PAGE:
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Year : 2013  |  Volume : 17  |  Issue : 2  |  Page : 298-303

Hypocalcaemia following total thyroidectomy: An analysis of 806 patients

1 Department of General Surgery, Amrita Institute of Medical Sciences, Elamakkara, Ernakulam, Kerala State, India
2 Amrita School of Medicine, Elamakkara, Ernakulam, Kerala State, India

Date of Web Publication28-Mar-2013

Correspondence Address:
C Gopalakrishnan Nair
Amrita Institute of Medical Sciences, Elamakkara, Ernakulam, Kerala State
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Source of Support: None, Conflict of Interest: None

PMID: 23776907

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Background: Permanent hypocalcaemia following thyroidectomy causes considerable morbidity. This prospective observational study aims to define the factors likely to predict hypocalcaemia following total thyroidectomy. Materials and Methods: Patients who were subjected to total thyroidectomy during January 2005 to December 2009 were followed up for a minimum period of 1 year. Efficacy of an intraoperative parathyroid hormone assay to predict hypocalcaemia was validated. Results: Overall incidence of hypocalcaemia was 23.6% ( n = 190) and that of permanent hypocalcaemia was 1.61% ( n = 13). Onset was delayed up to 3 rd postoperative day in 13 patients. Hypocalcaemia was significantly associated with thyroidectomy for Grave's Disease ( P = 0.001), Hashimoto's thyroiditis ( P = 0.003), and with incidental parathyroidectomy ( P = 0.006). The intraoperative assay of parathyroid hormone showed low sensitivity (0.5) and satisfactory specificity (0.9) in predicting hypocalcemia. Conclusion: Hypocalcemia could manifest late in the immediate postoperative period and this may explain latent hypocalcemia. High incidence of hypocalcaemia noted in Grave's Disease could be due to the autoimmunity since same feature was noted associated with Hashimoto's thyroiditis and the incidence of hypocalcaemia was not high in the subgroup with toxic nodular goiter. The incidence of hypocalcemia was not affected by age or sex.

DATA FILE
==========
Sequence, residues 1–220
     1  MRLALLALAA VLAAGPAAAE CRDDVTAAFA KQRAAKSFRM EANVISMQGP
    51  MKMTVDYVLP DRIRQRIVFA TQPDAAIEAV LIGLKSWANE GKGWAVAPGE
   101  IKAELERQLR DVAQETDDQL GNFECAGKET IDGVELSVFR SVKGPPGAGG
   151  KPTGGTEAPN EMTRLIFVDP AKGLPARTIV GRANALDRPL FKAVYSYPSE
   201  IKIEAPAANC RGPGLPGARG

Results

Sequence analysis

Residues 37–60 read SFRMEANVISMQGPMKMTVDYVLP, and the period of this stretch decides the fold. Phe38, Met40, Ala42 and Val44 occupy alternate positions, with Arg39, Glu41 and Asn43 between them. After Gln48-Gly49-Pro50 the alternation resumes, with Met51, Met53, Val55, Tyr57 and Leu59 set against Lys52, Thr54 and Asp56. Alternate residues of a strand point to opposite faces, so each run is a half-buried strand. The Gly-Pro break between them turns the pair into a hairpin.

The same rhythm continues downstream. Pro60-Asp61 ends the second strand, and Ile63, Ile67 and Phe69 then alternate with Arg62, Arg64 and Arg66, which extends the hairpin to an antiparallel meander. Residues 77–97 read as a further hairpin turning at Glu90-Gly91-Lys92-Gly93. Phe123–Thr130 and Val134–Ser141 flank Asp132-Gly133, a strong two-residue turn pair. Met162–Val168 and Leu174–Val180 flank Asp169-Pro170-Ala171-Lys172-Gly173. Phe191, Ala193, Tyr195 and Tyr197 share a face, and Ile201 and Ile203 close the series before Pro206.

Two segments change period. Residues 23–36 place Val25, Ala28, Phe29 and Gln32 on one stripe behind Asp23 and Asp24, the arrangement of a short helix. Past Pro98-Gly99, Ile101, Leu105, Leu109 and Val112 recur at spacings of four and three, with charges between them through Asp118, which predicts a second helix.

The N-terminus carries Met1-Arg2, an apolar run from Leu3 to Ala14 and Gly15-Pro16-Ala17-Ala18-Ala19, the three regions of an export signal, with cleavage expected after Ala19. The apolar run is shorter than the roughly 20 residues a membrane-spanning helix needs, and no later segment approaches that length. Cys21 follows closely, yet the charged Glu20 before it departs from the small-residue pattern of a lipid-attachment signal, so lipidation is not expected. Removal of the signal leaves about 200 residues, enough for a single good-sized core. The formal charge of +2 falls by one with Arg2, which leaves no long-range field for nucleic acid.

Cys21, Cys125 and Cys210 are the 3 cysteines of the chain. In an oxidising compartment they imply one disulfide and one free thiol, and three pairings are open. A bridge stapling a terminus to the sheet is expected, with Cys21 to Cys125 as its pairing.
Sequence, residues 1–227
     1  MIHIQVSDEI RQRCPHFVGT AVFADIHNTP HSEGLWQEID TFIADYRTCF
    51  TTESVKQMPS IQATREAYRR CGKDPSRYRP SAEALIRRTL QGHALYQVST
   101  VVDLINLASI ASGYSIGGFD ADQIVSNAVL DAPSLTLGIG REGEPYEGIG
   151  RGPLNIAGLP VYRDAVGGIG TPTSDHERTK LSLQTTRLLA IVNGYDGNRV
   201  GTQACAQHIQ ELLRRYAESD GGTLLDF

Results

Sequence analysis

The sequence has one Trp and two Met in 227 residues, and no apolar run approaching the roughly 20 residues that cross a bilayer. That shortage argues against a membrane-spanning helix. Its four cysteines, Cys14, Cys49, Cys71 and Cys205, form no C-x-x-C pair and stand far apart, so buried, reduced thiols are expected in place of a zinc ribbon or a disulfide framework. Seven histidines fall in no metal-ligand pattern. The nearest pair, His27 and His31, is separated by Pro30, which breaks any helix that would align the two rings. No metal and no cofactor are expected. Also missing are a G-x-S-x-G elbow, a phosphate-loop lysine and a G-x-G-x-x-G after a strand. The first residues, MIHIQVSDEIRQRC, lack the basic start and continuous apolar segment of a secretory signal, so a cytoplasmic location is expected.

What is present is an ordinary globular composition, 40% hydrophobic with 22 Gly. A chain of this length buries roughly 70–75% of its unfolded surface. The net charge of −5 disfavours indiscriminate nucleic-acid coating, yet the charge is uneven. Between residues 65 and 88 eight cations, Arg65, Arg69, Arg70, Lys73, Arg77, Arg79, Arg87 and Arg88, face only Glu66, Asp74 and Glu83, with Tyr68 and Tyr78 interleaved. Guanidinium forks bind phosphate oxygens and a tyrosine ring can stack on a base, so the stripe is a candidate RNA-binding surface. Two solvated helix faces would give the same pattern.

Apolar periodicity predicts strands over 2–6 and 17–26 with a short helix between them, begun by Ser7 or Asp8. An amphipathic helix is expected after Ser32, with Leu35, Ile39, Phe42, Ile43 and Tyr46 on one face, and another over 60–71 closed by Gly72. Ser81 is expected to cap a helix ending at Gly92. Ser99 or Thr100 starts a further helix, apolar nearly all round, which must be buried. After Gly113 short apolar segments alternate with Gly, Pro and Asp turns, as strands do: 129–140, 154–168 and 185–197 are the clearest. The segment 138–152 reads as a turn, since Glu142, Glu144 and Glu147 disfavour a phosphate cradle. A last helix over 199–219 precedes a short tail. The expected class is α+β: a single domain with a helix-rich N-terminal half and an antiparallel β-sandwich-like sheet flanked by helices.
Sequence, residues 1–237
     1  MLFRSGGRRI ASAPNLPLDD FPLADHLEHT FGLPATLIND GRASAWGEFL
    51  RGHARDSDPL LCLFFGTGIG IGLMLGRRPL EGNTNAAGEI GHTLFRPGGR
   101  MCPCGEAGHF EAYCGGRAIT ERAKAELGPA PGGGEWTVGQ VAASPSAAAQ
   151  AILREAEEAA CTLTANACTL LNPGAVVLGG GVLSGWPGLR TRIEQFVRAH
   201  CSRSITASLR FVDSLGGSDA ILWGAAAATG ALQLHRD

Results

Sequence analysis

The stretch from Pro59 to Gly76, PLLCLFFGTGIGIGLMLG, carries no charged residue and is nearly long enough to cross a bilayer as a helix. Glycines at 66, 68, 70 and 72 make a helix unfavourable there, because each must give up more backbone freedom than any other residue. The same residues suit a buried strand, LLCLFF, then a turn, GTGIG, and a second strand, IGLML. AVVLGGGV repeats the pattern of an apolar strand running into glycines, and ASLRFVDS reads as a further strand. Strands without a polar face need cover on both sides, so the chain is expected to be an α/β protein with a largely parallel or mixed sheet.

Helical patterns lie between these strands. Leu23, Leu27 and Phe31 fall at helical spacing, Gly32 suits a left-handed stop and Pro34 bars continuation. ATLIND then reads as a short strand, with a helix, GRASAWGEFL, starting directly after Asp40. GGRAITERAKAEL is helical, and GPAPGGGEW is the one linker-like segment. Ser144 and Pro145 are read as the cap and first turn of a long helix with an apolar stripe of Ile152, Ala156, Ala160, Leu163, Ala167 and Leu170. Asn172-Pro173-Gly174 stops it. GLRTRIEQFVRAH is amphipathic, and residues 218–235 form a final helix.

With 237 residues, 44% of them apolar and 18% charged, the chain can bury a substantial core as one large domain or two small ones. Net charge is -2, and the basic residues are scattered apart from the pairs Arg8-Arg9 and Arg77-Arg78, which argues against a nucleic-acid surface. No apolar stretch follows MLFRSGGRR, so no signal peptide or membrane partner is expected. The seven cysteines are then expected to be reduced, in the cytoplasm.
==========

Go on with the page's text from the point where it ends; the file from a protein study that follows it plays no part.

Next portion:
Keywords: Grave′s disease, hyperthyroidism, hypocalcemia, total thyroidectomy

How to cite this article:
Nair C G, Babu MJ, Menon R, Jacob P. Hypocalcaemia following total thyroidectomy: An analysis of 806 patients. Indian J Endocr Metab 2013;17:298-303

How to cite this URL:
Nair C G, Babu MJ, Menon R, Jacob P. Hypocalcaemia following total thyroidectomy: An analysis of 806 patients. Indian J Endocr Metab [serial online] 2013 [cited 2021 Jul 26];17:298-303. Available from: https://www.ijem.in/text.asp?2013/17/2/298/109718

   Introduction Top